I am, &c.

Of Bishop Bull's Defence of Damnatory Clauses.

In this Letter I shall exhibit a curious specimen of your peculiar mode of controversial writing, and the advantage you take of the most trifling oversights in your opponent.

You gave the highest encomiums to the works of Bishop Bull, without any qualification or distinction, and recommended them to your clergy, as an infallible guide in every thing relating to the subject of our controversy. On this I said, "As you recommend the writings of Bishop Bull without exception, I presume you approve of his defence of the damnatory clause in the Athanasian Creed. Indeed you mention this among his most valuable works."* When I wrote this, I did not, to be sure, look into the title-page of the book in order to copy the very words of it; but no person could have any doubt which of Bishop Bull's treatises I really meant, as what I said sufficiently characterized it; and though he does not mention the Athanasian Creed in particular, he defends every thing that is harsh and severe in the treatment of Unitarians by the orthodox in the primitive times, and particularly the anathema annexed to the Nicene Creed.

• See supra, p. 106,

On this subject, however, you write as follows: "Sir, did you write this in your sleep? Or is it in a dream only that I seem to read it? Bishop Bull's defence of the damnatory clause! From you, Sir, I have now my first information that Bishop Bull ever wrote upon the subject." Then, enumerating the titles of his works, you add, "In these treatises there is no defence of the damnatory clause; nor, that I recollect, any mention of the Athanasian Creed. There is no defence of the damnatory clause in the Sermons and English Tracts, published by Mr. Nelson. Nor can I find any such tract mentioned by Mr. Nelson among the Bishop's lost works; for many small pieces, which it was known that he had written, were never found after his death. Where have I mentioned, Sir, with such high approbation a work which I declare I have never seen, and of which, you will forgive me, if I still doubt the existence ?" *

Notwithstanding this ridiculous parade, which hath helped to swell out your book, you might just as well have said, that I never wrote an Answer to your Charge, merely because I called my work Letters to Dr. Horsley; and I will engage, that whatever doubt you might have had, if you had given an order to any bookseller in London in the very words that I used, he would have sent you the Judicium,† &c., that is, The Judgment of the Catholic Church in the three first Centuries, concerning the Necessity of believing that our Lord Jesus Christ is the true God. Now, Sir, what is implied in the necessity of believing, but the condemnation of those who do not believe? The whole truth, and the occasion of all this lamentable outcry is, that, not having the book before me at the time, I said the damnatory clause in the Athanasian Creed, instead of the anathema annexed to the Nicene Creed; a thing of exactly the same nature.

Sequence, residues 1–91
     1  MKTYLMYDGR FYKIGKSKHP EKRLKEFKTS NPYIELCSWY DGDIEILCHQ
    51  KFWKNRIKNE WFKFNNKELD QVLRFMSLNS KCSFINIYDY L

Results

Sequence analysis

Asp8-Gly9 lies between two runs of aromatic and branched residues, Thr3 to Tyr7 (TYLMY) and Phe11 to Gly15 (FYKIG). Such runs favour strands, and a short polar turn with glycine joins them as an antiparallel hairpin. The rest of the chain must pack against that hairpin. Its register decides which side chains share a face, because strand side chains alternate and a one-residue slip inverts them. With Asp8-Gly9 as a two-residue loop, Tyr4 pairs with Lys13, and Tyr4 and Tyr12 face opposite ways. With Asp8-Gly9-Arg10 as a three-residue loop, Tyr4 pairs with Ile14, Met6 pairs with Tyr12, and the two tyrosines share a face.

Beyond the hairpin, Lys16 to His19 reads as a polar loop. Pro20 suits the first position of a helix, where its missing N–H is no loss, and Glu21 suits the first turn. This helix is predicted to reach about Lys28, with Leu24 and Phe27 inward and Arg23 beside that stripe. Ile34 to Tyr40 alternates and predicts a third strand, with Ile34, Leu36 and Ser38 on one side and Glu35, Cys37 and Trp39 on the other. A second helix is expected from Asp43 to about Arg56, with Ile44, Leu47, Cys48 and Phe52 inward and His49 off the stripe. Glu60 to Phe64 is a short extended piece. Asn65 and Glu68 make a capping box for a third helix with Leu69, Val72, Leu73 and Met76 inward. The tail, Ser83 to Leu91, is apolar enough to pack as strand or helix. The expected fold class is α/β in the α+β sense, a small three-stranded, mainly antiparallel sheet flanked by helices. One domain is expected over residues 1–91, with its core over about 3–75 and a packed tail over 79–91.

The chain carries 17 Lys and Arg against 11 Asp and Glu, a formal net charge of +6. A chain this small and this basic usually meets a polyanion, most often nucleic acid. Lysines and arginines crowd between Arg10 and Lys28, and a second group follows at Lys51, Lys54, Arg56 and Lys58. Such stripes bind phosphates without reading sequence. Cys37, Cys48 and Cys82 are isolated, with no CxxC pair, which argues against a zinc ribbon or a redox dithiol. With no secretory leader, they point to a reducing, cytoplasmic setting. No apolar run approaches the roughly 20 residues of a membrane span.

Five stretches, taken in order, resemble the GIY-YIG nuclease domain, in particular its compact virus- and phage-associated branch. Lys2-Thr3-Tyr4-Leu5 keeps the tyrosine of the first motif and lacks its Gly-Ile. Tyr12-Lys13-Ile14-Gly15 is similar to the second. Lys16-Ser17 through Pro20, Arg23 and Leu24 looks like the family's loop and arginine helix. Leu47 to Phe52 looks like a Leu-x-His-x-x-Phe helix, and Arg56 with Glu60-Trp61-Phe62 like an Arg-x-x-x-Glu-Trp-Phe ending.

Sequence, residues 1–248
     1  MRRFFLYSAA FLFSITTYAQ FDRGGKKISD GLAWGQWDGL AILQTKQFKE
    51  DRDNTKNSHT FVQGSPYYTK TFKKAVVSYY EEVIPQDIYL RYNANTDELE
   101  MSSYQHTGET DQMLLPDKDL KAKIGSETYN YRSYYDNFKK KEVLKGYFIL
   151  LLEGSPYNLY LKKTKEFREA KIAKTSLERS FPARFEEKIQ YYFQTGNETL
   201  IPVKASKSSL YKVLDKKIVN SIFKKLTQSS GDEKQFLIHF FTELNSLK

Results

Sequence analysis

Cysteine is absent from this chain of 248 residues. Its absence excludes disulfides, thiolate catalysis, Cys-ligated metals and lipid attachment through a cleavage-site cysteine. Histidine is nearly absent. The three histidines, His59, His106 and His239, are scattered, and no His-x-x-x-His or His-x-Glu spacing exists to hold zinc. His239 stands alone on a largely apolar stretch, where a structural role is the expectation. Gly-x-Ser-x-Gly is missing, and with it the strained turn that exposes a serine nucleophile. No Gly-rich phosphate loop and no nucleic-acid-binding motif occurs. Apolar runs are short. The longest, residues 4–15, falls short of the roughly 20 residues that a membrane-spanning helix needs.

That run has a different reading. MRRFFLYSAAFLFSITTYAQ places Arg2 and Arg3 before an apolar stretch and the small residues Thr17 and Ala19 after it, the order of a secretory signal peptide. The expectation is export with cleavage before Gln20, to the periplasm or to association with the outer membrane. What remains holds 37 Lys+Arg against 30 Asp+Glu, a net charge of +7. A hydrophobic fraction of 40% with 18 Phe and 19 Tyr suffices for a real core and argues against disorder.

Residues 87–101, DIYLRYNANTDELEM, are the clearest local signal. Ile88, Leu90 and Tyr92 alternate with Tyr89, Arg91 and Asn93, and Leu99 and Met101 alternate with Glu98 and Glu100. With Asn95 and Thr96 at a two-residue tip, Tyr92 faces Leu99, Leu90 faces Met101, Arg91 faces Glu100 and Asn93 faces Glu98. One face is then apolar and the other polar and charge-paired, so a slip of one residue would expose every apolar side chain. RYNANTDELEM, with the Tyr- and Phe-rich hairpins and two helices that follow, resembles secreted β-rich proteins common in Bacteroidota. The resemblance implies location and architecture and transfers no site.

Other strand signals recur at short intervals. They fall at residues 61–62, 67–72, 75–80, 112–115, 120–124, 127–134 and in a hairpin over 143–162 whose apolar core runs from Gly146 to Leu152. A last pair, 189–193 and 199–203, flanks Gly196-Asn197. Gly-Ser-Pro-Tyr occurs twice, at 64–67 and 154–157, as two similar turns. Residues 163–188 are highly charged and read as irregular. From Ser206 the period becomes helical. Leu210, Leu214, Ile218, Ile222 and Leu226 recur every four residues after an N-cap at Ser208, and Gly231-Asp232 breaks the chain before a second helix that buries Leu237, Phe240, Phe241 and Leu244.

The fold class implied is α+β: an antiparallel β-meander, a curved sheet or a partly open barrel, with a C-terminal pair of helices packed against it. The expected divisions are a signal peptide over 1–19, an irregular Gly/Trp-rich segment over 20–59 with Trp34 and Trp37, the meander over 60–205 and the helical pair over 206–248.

Letters, pp. 165, 167. (P.). Tracts, pp. 284, 285.

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Judicium Ecclesiæ Catholicæ trium priorum Seculorum de Necessitate credendi, quod Dominus noster Jesus Christusi sit verus Deus, assertum contra M. Simonem Episcopiunt aliosque," 1694. See Biog. Brit. II. p. 704.


"Mr. Nelson sent this book as a present to M. Bossuet, Bishop of Meaux.-That prelate not only read the work, but communicated it likewise to several other French Bishops—the result of which was to compliment the author in their name; and Mr. Nelson was desired, in a letter from the Bishop of Meaux, not only to return Dr. Bull his humble thanks, but the unfeigned congratulations also of the whole clergy of France, then assembled at St. Germains, for the great service he had done to the Catholic Church, in so well defending her determination, concerning the necessity of believing the Divinity of the Son of God." Ibid.

"The occasion upon which these congratulations were sent, detracts greatly from their value. To be thanked by a national assembly of Roman Catholic clergy for vindicating anathemas, can confer no true glory on any man. Indeed, it gives us pain to think, that so pious, excellent, and learned a prelate as Dr. Bull, should have applied his abilities to so unhappy a purpose.", Ibid. p. 707.

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↑ "Asserted against Simon Episcopius and others." Ibid.